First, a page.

In most areas of the Corn Belt, preparations for planting season are well underway. Farmers are busy monitoring soil conditions and temperatures and prepping their equipment before they get in the field.
Making sure planters are properly maintained and safely prepped for planting season is an important topic in the industry right now. As Michael Gustafson of Iowa Farmer Today recently wrote, “the planter really sets the stage for a successful crop.” Planters need to be properly maintained to ensure the correct spacing and seed depth are set and that all systems run smoothly so that there aren’t any equipment problems that could cause delays in planting. To ensure proper seed placement, growers need to make sure that the row units are in good shape and the seed tubes aren’t showing any signs of wear. Disc blades need to be inspected to make sure there aren’t any chips and cracks, and gauge wheels need to be in good shape to make sure the row units are in proper contact with the ground. Having a fully functional planter really does set the stage for the entire season, and Michael Gustafson provides some excellent tips to prep your planter this season.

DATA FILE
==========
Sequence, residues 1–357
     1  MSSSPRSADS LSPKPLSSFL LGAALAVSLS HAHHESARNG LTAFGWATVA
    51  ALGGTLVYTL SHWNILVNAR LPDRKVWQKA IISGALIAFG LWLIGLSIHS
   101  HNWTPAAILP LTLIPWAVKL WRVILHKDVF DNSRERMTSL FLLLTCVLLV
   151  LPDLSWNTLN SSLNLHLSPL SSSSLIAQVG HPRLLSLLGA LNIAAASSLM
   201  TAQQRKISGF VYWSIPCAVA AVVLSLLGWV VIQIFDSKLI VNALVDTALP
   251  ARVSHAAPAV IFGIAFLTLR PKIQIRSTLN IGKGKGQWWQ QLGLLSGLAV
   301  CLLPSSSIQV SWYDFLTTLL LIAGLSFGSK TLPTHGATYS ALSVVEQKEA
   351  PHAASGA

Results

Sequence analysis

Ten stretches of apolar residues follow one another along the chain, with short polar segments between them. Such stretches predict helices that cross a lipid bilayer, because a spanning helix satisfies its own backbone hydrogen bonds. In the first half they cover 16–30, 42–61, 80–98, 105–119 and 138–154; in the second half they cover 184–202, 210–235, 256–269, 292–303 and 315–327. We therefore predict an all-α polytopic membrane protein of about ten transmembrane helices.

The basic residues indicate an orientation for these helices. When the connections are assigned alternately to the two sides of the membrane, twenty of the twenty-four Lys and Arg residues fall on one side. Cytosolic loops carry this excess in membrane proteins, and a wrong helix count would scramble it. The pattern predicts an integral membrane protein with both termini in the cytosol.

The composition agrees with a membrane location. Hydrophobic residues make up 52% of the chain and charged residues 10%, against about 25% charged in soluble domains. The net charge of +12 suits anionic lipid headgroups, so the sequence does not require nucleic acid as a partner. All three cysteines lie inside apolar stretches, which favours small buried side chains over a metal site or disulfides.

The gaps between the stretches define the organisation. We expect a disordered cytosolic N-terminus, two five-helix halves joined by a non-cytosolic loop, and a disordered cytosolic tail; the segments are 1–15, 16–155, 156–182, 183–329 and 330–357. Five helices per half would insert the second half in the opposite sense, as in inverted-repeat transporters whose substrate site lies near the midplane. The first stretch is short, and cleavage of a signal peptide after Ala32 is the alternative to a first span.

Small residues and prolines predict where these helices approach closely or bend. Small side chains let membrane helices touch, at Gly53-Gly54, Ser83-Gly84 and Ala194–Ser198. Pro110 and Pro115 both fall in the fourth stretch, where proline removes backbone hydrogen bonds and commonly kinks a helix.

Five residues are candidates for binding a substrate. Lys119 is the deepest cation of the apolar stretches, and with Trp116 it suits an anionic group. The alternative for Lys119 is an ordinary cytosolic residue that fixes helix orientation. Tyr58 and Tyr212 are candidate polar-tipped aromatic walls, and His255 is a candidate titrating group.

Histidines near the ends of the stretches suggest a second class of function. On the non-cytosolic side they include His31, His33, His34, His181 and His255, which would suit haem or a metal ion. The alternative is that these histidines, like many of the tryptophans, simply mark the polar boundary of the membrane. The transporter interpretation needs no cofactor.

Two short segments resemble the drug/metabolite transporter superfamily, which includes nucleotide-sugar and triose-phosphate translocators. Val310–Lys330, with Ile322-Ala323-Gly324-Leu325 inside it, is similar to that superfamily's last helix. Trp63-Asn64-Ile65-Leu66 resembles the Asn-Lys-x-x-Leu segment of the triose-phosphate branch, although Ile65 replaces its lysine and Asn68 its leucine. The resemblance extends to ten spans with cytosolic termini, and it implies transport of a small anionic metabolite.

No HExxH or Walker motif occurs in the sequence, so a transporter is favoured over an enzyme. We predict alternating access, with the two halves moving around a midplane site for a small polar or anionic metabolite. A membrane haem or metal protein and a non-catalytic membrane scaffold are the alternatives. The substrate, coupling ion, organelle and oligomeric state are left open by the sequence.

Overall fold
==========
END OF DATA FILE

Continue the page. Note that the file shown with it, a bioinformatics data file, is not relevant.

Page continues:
Stine Regional Sales Agronomist Nick Schwarze provides additional planter maintenance tips for growers to get started on a successful 2017 planting season in the video above.
Weather is also a big-ticket item for growers right now. If temperatures remain above average for many parts of the corn-growing areas, soil temperatures will increase, which may mean an earlier start for corn planting. Of course, above average rainfall in April can cause growers to switch some of their planned corn acres to soybeans. It is recommended that growers wait until the soil temperature reaches at least 50 degrees for three or more consecutive days before they begin planting to help ensure good germination and emergence. Growers should also try to avoid planting in cool, wet and water-logged soil, which can lead to long-term problems such as sidewall compaction, poor seed/soil contact, poor germination and inconsistent stands. Monitor field conditions on an individual basis and plant when the field is fit. To help your planting prep, check out Ag Professional’s recent article that highlights the Midwest weather outlook.